Early-Stage Mortgage Delinquencies Up Following Active Hurricane Season

Six months after devastating hurricanes hit Texas, Florida and Puerto Rico, homeowners, mortgage lenders and servicers continue to feel residual effects.

CoreLogic, Irvine, Calif., said while overall mortgage delinquencies and foreclosures fell in the third quarter, early stage delinquencies rose slightly. The company’s Loan Performance Insights Report said 5.1 percent of mortgages were in some stage of delinquency (30 days or more past due including those in foreclosure) in October, an 0.1 percentage point year-over-year decline from a year ago.

The foreclosure inventory rate fell to 0.6 percent, down 0.2 percentage points from 0.8 percent a year ago. The foreclosure inventory rate has held steady at 0.6 percent since August, the lowest level since June 2007, when it was also at 0.6 percent.

CoreLogic said early-stage delinquencies, defined as 30-59 days past due, fell to 2.3 percent in October 2017, down 0.1 percentage points from 2.4 percent in September but up 0.1 percentage points from 2.2 percent a year ago. The share of mortgages that were 60-89 days past due in October rose to 0.9 percent, up 0.2 percentage points from 0.7 percent in both September and year ago. The serious delinquency rate, reflecting loans 90 days or more past due, was 1.9 percent, unchanged from September and down 0.4 percentage points from 2.3 percent in October 2016. The 1.9 percent serious delinquency rate in June, July, August, September and October of this year marks the lowest level for any month since it was also 1.9 percent in October 2007.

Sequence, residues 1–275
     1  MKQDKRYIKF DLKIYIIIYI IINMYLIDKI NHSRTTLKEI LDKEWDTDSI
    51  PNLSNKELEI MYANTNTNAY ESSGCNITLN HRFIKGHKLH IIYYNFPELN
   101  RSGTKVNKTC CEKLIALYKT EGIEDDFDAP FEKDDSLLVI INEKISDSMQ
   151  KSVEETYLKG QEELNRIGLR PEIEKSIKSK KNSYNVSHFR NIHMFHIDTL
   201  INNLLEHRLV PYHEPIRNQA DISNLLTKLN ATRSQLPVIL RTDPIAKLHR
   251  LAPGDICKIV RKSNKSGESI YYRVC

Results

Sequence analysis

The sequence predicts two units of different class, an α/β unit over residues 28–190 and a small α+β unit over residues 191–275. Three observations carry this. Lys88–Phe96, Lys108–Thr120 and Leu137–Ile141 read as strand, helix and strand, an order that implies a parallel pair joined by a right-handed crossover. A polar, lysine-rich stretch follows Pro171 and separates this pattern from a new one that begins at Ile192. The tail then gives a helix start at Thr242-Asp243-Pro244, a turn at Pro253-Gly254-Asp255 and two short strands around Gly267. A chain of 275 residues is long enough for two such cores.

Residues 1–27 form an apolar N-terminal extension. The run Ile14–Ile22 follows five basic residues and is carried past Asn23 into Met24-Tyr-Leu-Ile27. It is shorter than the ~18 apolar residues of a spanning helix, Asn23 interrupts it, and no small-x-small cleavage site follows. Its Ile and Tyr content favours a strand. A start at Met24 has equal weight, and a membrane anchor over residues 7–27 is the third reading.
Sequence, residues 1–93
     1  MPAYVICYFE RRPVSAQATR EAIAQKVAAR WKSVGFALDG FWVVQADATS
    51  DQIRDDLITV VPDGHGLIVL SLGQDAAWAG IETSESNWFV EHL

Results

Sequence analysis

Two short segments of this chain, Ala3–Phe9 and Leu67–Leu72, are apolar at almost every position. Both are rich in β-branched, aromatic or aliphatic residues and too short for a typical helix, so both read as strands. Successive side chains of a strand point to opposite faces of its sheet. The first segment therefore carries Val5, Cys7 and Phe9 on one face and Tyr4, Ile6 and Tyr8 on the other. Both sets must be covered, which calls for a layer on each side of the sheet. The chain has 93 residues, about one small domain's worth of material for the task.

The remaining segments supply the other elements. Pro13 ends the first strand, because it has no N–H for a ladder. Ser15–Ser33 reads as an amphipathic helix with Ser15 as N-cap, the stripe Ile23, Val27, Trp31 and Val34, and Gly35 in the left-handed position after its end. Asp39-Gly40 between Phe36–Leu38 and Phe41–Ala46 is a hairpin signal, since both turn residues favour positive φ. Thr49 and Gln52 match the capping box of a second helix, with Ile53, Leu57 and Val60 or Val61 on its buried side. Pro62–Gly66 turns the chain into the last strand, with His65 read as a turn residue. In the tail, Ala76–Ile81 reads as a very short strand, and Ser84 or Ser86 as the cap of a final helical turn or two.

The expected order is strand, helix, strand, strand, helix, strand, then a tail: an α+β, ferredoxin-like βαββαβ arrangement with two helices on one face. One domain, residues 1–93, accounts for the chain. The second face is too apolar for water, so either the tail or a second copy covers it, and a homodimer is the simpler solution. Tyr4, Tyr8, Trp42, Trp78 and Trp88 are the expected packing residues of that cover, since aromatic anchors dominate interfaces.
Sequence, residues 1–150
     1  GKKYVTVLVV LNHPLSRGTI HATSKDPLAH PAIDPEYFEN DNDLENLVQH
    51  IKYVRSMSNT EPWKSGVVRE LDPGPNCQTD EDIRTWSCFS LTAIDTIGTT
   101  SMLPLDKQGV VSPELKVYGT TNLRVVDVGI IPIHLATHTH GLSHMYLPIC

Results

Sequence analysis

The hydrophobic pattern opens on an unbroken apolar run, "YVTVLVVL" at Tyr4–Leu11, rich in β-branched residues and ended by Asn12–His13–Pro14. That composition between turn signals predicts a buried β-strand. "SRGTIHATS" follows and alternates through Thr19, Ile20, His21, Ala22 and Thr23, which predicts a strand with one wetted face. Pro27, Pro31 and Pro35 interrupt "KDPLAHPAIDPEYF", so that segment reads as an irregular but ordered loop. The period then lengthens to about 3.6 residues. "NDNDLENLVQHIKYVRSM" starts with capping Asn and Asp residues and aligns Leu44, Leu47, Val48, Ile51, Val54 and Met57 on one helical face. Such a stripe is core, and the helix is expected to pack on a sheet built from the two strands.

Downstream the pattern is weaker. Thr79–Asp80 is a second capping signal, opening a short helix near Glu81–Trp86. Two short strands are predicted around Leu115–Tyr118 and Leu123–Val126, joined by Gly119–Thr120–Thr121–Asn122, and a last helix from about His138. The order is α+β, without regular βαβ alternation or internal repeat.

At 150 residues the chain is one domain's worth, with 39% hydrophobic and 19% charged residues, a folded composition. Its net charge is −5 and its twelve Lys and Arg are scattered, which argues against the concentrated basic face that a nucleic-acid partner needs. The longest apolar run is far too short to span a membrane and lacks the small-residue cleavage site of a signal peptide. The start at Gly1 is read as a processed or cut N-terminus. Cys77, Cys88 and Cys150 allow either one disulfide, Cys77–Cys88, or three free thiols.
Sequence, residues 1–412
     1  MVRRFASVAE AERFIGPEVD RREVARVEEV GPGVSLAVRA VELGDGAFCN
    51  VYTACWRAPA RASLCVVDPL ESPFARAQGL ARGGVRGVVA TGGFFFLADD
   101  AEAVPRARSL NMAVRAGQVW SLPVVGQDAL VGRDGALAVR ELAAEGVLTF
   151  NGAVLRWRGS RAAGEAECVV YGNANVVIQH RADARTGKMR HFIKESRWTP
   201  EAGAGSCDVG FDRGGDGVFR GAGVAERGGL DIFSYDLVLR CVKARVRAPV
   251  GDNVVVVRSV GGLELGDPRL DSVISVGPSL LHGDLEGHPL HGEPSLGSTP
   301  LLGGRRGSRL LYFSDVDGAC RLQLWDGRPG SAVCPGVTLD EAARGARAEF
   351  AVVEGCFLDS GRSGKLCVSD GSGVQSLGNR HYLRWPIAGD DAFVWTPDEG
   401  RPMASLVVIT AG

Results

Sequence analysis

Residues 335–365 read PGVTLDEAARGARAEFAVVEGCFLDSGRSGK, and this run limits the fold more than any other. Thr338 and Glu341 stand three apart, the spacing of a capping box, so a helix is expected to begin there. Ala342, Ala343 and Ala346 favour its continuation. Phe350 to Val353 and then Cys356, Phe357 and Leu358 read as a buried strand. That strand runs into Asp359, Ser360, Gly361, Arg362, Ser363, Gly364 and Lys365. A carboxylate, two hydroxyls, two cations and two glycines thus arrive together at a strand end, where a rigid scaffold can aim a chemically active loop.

“The temporary rise in September’s early-stage delinquencies reflected the impact of the hurricanes in Texas, Florida and Puerto Rico, but now the impact from the hurricanes is fading from a national perspective,” said Frank Nothaft, chief economist for CoreLogic.

Nothaft noted while the national impact is waning, local impact remains. He said some Florida markets continue to see increases in early-stage delinquency transition rates in October, reaching 5 percent, on average, in Miami, Orlando, Tampa, Naples and Cape Coral. Texas markets such as Houston, Beaumont, Victoria and Corpus Christie peaked above 7 percent in September, “but are on the mend and improving in October.”

The report said the share of mortgages that transitioned from current to 30 days past due was 1.1 percent in October 2017, down from 1.3 percent in September 2017 and up from 1 percent in October 2016. By comparison, in January 2007, just before the start of the financial crisis, the current-to-30-day transition rate was 1.2 percent and it peaked in November 2008 at 2 percent.

“While the national impact of the recent hurricanes will soon fade, the human impact will remain for years. For example, the displacement and rebuilding in New Orleans after Hurricane Katrina extended for several years and altered the character of the city, an impact that still remains today,” said Frank Martell, president and CEO of CoreLogic. “The reconstruction of the housing stock and infrastructure impacted by the storms should provide a small stimulus to local economies. This rebuilding will occur against a backdrop of wage growth, consumer confidence and spending in the national economy which should continue to provide a solid foundation for real estate demand in the storm-impacted areas and beyond.”